Last week, The Wall Street Journal reported (paid subscription or free metered view) that during the current surge of holiday orders across the Internet retailer’s 80 distribution centers, Amazon will be able to now leverage its Kiva deployments. Readers further have the opportunity to view information relative to the results of some deployments.
According to the WSJ, in the first nine months of this year, Amazon’s fulfillment costs averaged 12.3 percent of net sales compared with 8.9 percent in 2009. Wall Street investors are obviously quite concerned with the size and current growth of that number. But, with full deployment of robotics, fulfillment center workers who previously recorded upwards of 100 order picks-per-hour are expected to average 300 picks-per-hour. A security equities analyst is quoted as indicating that Amazon could reap $400-$900 million in annual cost savings as a result of Kiva technology deployment. If those savings are accurate, they more than justify the original acquisition cost and would provide some buffering to the growth of Amazon’s fulfillment costs.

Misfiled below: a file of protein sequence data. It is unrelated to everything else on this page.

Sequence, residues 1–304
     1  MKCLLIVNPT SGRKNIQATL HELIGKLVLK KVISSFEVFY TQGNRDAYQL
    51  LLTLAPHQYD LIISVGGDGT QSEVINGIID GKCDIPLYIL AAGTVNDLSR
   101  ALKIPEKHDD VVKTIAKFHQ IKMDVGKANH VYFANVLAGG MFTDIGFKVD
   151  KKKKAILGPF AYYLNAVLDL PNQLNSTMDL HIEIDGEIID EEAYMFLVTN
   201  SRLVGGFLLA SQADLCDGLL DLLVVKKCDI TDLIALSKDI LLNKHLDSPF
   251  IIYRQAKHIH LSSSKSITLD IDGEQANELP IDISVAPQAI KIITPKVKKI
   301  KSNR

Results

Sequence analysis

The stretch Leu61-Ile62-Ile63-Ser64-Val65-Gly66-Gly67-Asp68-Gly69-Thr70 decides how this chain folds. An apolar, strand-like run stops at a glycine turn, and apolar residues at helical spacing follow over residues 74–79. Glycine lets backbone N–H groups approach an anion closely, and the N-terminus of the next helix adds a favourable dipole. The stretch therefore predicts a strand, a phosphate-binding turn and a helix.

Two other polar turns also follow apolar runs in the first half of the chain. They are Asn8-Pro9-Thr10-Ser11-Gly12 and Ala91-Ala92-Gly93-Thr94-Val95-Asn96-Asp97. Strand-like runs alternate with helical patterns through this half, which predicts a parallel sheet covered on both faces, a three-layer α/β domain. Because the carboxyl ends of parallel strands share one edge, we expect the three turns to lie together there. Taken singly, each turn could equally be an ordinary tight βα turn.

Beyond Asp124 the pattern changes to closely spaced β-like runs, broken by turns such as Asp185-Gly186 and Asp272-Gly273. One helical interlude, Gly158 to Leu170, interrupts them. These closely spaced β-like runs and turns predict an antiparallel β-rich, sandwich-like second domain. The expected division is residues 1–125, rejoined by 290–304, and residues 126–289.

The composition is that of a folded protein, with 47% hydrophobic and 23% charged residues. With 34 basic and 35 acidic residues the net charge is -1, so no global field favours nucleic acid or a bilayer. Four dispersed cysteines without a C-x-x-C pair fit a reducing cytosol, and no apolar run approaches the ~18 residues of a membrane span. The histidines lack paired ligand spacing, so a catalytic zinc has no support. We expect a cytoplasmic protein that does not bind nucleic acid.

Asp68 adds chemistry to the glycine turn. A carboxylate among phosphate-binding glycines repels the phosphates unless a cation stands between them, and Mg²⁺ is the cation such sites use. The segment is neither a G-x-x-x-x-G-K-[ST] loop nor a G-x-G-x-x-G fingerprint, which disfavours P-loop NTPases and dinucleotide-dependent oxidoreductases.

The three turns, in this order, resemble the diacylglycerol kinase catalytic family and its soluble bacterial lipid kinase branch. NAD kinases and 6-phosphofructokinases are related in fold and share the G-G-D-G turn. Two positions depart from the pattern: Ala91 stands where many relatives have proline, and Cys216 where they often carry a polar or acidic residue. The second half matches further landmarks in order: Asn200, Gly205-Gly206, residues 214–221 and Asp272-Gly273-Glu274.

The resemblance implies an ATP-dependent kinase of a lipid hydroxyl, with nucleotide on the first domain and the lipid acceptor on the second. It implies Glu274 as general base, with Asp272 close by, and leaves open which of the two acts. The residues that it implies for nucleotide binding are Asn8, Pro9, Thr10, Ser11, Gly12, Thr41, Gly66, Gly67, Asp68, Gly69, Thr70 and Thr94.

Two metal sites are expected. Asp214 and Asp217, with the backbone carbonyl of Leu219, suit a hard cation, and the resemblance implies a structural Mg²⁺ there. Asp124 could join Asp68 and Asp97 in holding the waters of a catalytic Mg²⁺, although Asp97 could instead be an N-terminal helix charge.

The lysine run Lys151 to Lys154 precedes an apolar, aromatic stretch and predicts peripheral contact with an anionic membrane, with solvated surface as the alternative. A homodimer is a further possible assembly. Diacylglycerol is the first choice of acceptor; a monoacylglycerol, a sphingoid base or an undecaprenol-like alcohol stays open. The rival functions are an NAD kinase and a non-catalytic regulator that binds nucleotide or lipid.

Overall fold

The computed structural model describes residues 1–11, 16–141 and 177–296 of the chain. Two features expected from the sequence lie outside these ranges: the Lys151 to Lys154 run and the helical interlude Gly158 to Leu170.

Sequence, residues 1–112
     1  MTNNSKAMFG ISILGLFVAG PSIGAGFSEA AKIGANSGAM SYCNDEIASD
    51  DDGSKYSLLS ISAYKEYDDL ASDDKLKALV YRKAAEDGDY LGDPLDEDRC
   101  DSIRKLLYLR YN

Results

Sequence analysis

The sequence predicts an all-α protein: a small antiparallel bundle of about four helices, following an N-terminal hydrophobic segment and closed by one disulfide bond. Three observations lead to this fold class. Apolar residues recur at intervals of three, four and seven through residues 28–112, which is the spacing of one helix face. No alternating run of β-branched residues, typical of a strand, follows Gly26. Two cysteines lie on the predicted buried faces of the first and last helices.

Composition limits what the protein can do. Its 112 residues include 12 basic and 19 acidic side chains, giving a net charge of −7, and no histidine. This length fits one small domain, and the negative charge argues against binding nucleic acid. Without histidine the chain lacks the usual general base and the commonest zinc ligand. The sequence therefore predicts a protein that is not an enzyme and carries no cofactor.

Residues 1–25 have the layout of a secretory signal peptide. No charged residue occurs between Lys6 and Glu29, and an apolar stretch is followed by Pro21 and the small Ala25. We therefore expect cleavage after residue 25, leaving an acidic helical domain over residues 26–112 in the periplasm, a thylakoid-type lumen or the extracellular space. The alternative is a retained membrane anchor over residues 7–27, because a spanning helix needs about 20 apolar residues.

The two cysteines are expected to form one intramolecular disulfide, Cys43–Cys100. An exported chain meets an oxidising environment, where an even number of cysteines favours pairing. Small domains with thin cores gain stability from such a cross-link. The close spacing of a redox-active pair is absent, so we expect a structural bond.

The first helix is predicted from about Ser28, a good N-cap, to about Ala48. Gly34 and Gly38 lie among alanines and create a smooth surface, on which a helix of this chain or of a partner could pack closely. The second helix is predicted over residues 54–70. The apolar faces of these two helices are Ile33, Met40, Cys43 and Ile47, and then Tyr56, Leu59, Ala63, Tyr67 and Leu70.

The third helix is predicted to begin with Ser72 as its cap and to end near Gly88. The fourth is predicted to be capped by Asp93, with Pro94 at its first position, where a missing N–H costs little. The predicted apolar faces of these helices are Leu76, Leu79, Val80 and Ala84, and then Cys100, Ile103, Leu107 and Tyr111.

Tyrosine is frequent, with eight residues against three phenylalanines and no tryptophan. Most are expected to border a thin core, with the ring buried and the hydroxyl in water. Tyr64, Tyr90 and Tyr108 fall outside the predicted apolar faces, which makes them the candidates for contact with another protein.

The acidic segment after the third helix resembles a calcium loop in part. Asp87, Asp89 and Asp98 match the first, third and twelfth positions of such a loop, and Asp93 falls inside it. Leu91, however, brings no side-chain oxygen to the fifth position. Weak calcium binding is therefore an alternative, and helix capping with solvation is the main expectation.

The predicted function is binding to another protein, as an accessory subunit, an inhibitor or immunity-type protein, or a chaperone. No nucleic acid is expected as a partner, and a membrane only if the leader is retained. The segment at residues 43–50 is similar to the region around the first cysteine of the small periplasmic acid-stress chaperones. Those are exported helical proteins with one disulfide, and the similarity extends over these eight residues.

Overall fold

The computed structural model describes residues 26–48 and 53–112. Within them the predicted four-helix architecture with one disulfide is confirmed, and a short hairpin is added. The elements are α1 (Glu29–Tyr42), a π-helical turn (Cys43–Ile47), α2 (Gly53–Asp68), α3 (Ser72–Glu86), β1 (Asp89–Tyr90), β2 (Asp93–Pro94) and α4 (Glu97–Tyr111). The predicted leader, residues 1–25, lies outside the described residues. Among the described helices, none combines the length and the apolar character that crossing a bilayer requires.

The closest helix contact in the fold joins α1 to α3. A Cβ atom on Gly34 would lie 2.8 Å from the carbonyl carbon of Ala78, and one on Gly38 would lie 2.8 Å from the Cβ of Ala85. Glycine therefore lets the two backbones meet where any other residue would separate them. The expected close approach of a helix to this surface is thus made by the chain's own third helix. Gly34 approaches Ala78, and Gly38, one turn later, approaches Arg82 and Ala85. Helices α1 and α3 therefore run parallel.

In our June commentary, our view was that Amazon has a broader strategy, one that allows robotics to buffer the often perplexing need to flex fulfillment center human resource requirements during seasonal peak periods. For the current 2014 holiday fulfillment surge, Amazon has brought in 80,000 temporary workers, an increase of 10,000 from the 2013 period.
In September, Supply Chain Matters called reader attention to Amazon’s efforts in testing deployments of new sortation centers to mitigate shipment delivery congestion and provide added flexibilities in the selection of last-mile delivery carriers.
Amazon’s supply chain leadership has numerous technology enablement strategies underway and we will all have the opportunity to observe the initial results of these efforts over the next few weeks.
In last week’s Update Three commentary regarding the current crisis involving the near paralysis among the U.S. West Coast ports of Los Angeles and Long Beach, Supply Chain Matters highlighted that conditions on the ground were not showing any signs of improvement. As this week draws to a close, the situation appears to be deteriorating even more, and now involves clear impacts and continued disruption for both U.S. exports as well as imports.
Last week, the National Retail Federation (NRF) published an editorial with the statement: “The sudden change in tone is alarming and suggests that a shutdown of the ports — either from a walkout by labor or a lockout by management — is imminent.” The NRF has since been joined by other industry associations including the National Association of Manufacturers (NAM) the U.S. Chamber of Commerce, and 60 other organizations representing agricultural growers.